AT&T; Says Switch Software Problems Caused Outage
AT&T; Corp. said Wednesday that software problems with one of its switches caused last week’s outage of its nationwide frame-relay network for high-speed data services.
The No. 1 U.S. phone company said it has changed the procedure for upgrading switching software to prevent future outages. The frame-relay network, the largest of its kind in the U.S., shut down April 13, and some customers were without service as long as 26 hours.
Businesses, including airlines and banks, use the AT&T; network to send information between remote offices and automated-teller machines.
AT&T; Chairman and Chief Executive C. Michael Armstrong has been moving quickly to get to the root of the problem so he can assure customers it won’t happen again. Since the outage, the New York-based company hasn’t been charging for the service, which accounts for about $1 billion, or 2%, of AT&T;’s annual revenue and is increasing at 30% to 35% a year.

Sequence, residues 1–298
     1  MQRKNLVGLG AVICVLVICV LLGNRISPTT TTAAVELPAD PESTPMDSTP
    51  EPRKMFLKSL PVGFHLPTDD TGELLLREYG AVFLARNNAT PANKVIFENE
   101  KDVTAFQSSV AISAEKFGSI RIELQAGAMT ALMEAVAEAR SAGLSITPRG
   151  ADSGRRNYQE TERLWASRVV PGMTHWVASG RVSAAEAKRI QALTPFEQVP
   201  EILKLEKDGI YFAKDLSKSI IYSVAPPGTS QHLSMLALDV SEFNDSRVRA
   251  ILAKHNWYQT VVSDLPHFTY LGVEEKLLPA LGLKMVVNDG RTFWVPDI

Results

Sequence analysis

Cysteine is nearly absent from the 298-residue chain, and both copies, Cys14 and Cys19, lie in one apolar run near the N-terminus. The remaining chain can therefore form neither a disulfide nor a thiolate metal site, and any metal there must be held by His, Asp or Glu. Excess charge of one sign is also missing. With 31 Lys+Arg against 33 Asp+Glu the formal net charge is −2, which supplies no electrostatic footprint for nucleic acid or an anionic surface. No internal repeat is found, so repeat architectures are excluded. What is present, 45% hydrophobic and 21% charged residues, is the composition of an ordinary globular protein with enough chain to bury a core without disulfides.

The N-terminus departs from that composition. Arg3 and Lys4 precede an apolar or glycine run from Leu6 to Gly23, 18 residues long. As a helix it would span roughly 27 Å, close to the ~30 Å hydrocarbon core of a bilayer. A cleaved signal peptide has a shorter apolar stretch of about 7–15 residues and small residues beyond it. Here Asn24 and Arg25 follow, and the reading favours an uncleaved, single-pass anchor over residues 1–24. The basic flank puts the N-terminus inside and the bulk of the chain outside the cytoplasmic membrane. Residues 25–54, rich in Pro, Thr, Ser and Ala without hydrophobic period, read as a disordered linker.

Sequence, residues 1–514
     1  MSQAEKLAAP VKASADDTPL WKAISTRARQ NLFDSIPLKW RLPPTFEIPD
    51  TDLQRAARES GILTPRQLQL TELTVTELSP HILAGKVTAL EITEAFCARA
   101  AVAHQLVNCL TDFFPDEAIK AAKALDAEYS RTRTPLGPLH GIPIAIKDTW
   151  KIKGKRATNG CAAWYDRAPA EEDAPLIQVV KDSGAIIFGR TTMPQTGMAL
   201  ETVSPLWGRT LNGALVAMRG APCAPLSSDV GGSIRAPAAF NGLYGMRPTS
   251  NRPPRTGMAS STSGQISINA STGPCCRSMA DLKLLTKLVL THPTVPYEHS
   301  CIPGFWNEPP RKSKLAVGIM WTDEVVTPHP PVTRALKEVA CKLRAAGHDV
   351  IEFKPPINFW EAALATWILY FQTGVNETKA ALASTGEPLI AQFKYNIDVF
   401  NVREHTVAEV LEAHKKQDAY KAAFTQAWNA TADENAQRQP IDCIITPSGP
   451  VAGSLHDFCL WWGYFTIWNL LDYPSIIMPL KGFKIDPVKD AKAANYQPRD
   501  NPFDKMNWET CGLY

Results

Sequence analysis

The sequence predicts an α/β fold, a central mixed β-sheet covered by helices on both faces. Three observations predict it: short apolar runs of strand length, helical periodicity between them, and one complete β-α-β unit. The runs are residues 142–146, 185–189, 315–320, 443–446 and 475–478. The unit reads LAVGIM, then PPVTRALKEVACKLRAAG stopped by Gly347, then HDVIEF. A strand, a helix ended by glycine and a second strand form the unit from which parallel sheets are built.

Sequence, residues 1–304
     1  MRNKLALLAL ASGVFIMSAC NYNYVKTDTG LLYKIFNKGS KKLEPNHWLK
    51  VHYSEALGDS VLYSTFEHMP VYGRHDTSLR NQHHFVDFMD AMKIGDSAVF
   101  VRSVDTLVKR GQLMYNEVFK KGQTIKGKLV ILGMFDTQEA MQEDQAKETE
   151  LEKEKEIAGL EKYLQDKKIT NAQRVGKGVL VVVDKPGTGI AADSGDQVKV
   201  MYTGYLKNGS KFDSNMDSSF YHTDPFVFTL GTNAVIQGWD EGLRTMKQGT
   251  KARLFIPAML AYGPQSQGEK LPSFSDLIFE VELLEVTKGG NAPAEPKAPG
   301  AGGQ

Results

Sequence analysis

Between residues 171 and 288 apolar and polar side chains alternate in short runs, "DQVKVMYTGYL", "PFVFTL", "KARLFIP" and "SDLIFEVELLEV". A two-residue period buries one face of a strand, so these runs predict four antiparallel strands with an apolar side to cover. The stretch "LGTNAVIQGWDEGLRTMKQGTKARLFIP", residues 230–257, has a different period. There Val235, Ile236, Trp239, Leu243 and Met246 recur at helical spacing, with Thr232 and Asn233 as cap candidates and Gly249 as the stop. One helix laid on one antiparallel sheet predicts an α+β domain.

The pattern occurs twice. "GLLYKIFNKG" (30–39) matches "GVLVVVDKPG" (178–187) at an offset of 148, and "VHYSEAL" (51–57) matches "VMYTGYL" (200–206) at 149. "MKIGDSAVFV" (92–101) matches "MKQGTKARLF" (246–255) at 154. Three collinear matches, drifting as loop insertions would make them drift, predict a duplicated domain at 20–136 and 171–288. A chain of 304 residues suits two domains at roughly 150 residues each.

“This disruption certainly did not meet our customers’ expectations for service reliability,” Armstrong said in a statement. “We have taken steps to assure that this problem will not happen again.”
Armstrong said he expects further investigation of the problem to be completed shortly and to resume charging customers for the service.
The outage started when one of the switches, used to direct traffic on the network, wasn’t able to upgrade software and sent a large number of error messages that overloaded other switches in the network.
Cisco Systems Inc., which made the switches, worked closely with AT&T; to solve the problem. Armstrong said the problem didn’t alter AT&T;’s confidence in Cisco and its products.
AT&T; shares slipped 6 cents to close at $63.31 on the New York Stock Exchange. San Jose-based Cisco fell 25 cents to close at $73.63 on Nasdaq.